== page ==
What the “apsaras” from Indian Mythology have taught us ?

What the “apsaras” from Indian Mythology have taught us ?

Acts of ‘faith, strength and patience’ speak volumes

One may have read about them in school books or novels but never really thought of saluting their lives. 

When one thinks of Indian mythology, he or she can’t help but think about all the beautiful, strong and divine women that have played an essential role in it. These women, undoubtedly, epitomise characteristics, qualities and virtues that are relatable even during this age and time. Even though these mythic goddesses have undergone hardships, endured a considerable amount of emotional and physical abuse, they have risen from the ashes like a raging phoenix.

Let us seek inspiration from 5 such women in Indian mythology that have taught timeless lessons to today’s women:

Known for her beauty and valour, this apsara was wrongfully seduced by Lord Indra. When her husband, Gautama, came to know about this, he turned her into a hard rock. But when her husband came to know about the truth, he pronounced that she could be brought back to life only when Lord Rama touches her feet. In other mythological books, it is mentioned that Ahilya was never completely accepted by Gautama even after her curse was broken. Yet, she continued to show devotion to her husband.

Lesson:  Her situation is similar to what women in India currently face. Whether or not it is a female’s fault, she has to bear the burden of lowering her family’s name and status.

There’s no way a male member of the house can bestow ill-luck upon his family. It is always the other gender that is at fault. Looking at Ahilya’s perseverance, one can be assured of the bountiful strength that a woman possesses.

Tara, apsara and wife of the monkey king Bali

Tara was married to a tyrant who not only destroyed his brother Sugriva’s kingdom but also kidnapped his wife Ruma. Quite interestingly, Bali died a heroic readeath at the hands of Rama after which Tara fled to the jungle to live a pious and pure life. In retrospect, Bali never treated Tara with respect and abandoned her in a larger portion of their marriage.

Lesson: Things are not different today. Women are still mistreated and considered more like ‘objects’ and not human beings.

What lesson that contemporary women can learn from Tara is the ability to overcome a tyrannical marriage, a negative relationship and numerous hardships only to become a mother-like figure in her brother-in-law’s kingdom.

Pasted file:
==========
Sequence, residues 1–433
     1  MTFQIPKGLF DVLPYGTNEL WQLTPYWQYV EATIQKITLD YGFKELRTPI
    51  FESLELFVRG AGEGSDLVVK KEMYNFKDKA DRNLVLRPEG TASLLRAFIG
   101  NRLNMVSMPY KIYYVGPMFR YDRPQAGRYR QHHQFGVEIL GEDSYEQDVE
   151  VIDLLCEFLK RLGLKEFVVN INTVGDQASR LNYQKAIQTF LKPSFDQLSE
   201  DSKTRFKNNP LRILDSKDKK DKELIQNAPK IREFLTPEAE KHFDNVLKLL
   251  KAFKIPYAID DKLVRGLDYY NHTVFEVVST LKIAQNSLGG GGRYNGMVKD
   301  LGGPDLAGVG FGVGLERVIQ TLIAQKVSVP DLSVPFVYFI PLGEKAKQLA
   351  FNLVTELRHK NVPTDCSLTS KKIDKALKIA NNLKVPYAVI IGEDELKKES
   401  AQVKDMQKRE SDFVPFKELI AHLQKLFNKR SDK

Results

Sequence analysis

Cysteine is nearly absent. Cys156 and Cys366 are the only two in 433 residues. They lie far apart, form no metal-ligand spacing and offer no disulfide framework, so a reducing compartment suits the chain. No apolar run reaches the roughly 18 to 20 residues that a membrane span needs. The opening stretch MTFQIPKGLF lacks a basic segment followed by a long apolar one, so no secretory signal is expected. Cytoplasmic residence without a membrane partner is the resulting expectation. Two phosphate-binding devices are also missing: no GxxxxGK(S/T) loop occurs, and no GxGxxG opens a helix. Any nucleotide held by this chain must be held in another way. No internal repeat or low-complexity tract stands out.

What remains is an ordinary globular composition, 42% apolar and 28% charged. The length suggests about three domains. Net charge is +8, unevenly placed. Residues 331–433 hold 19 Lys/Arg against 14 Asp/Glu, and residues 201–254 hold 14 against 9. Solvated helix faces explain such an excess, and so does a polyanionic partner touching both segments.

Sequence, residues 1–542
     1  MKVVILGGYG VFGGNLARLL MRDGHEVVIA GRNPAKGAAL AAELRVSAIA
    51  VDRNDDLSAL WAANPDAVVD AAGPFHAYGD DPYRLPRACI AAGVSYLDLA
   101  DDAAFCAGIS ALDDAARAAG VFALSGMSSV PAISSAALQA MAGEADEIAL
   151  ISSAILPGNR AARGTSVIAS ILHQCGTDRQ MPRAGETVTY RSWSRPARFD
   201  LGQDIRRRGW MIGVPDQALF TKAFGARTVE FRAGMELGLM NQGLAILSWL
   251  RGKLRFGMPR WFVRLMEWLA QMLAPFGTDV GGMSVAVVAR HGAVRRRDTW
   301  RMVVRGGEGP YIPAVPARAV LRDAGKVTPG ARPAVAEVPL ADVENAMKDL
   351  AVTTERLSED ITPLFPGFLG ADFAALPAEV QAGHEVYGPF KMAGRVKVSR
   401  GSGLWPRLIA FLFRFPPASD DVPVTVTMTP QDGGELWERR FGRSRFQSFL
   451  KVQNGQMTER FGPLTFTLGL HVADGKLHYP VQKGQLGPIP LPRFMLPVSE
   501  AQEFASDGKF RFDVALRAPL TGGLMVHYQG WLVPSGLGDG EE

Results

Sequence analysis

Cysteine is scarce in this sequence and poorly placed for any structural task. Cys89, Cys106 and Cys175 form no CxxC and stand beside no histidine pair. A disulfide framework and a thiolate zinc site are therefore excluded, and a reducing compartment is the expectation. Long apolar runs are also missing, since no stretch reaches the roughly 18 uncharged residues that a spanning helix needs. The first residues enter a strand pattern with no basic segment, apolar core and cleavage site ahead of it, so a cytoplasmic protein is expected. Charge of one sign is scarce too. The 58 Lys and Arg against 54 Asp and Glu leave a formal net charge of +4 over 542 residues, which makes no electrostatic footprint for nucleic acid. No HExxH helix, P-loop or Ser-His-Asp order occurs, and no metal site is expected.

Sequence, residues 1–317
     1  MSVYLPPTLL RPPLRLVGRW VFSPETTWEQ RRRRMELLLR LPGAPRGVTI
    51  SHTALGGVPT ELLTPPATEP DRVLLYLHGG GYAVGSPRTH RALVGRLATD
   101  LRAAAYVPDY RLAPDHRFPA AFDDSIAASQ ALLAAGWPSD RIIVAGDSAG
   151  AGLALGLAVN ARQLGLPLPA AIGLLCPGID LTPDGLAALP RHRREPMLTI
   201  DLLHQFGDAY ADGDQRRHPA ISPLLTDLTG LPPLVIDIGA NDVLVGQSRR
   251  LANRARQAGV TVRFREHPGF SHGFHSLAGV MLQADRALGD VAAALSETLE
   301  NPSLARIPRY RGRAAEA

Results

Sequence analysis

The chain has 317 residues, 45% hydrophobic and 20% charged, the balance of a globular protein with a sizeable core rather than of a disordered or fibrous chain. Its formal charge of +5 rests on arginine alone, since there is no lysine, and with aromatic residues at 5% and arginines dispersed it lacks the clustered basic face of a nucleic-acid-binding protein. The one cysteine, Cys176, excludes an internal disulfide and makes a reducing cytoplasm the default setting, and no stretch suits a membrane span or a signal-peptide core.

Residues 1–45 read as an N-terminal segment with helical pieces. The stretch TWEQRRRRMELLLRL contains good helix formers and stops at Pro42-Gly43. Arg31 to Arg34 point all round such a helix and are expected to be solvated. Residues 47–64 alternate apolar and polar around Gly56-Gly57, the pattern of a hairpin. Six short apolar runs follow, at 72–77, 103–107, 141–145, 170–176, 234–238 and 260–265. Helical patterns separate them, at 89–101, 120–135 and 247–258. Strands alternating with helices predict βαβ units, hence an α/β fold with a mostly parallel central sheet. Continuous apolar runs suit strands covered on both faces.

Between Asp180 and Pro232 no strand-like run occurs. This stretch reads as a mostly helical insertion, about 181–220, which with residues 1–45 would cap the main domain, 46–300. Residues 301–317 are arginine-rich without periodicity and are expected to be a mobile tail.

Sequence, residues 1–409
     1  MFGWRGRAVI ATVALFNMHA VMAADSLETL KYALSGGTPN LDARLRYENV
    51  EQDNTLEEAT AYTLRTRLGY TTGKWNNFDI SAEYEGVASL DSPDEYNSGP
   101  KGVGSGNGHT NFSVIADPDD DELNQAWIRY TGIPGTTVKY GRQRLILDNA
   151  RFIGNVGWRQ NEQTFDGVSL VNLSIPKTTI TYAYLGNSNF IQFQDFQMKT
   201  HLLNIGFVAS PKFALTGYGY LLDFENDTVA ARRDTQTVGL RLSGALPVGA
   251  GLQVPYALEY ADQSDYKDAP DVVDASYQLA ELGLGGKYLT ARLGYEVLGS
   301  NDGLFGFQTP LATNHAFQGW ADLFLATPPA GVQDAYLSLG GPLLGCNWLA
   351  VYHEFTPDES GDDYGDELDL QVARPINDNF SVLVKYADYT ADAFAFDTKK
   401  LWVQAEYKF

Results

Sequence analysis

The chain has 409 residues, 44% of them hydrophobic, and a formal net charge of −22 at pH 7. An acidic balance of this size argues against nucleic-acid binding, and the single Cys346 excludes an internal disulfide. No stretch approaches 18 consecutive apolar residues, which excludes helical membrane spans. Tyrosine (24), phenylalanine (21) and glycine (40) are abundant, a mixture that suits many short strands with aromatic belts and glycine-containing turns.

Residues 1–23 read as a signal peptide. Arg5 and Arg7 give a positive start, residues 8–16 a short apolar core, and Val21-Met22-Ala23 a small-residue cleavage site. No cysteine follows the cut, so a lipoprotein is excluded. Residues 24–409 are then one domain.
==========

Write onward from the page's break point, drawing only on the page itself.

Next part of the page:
Rambha, the Queen of ‘apsaras’

A skilled dancer and musician, Rambha was one of the most beautiful apsaras ever mentioned in the entire Indian mythology. Due to her enchanting character, she was often asked by Lord Indra to seduce the sages to break their tapasya. But when she tries to disturb the penance of Sage Vishwamitra, she was cursed by him and transformed her into a rock for 10,000 years till a Brahmin breaks her free.

Lesson: Apsaras or celestial nymphs were supreme beings that lived in heaven. Although known for their appearance, apsaras were known to have a presence of mind as well. This is the reason why Lord Indra appointed Rambha.

Women in today’s society can learn to use tact and presence of mind to complete tasks that involve people or emotions.

Mandodari, the wife of Ravana

Being married to a man who is actively involved in illicit liaisons is not easy. In the present times, most women still don’t seem to say anything against such uncivilized acts of their husbands. Mandodari was such a lady who tolerated all the misdeeds of her husband without ever giving up on him. She tried her best to mend with Ravana till his death but she was unsuccessful. Truly, she was a woman of relentless faith, virtue and character who worshipped her husband devotedly.

Lesson: The present state of the society is a staunchly male-oriented one. A high level of patriarchy still prevails. Women are still expected to bow down to the needs of their husbands and love him despite his wrong-doings.

Even though they don’t need to honor his misdemeanor or marital affairs, women should learn to keep their character intact and have faith in just themselves and their actions.

Shabri, elderly ascetic woman

Most people refer Shabri as the old lady who fed Lord Rama berries. But there’s more to her story. Born to a hunter, she saw thousands of sheep goats and sheep being sacrificed for her marriage dinner. She felt such as a strong compassion for  the animals that she fled the scene and became a devotee of Sage Matanga.

Lesson: Shabri’s endless ‘act of service’ is  commendable. She is a woman with unlimited patience, compassion and love for all living beings. She stood up against the sacrifice of thousands of animals to appease the guests at her wedding.

She took a stand against something she truly believed in. This is something that today’s women should have definitely note of; given the kind of heinous crimes that one gets to hear.

So yes, it is safe to conclude that women form an integral part of mythology of India. And despite having sacrificed so much and almost every second of their lives, these women have certainly come across as mentally strong and strategic in their thought processes.

Adding to this thought, who said that their lives can’t set examples for women of this generation? Times may have changed but women still continue to endure hardships, in some form or the other.

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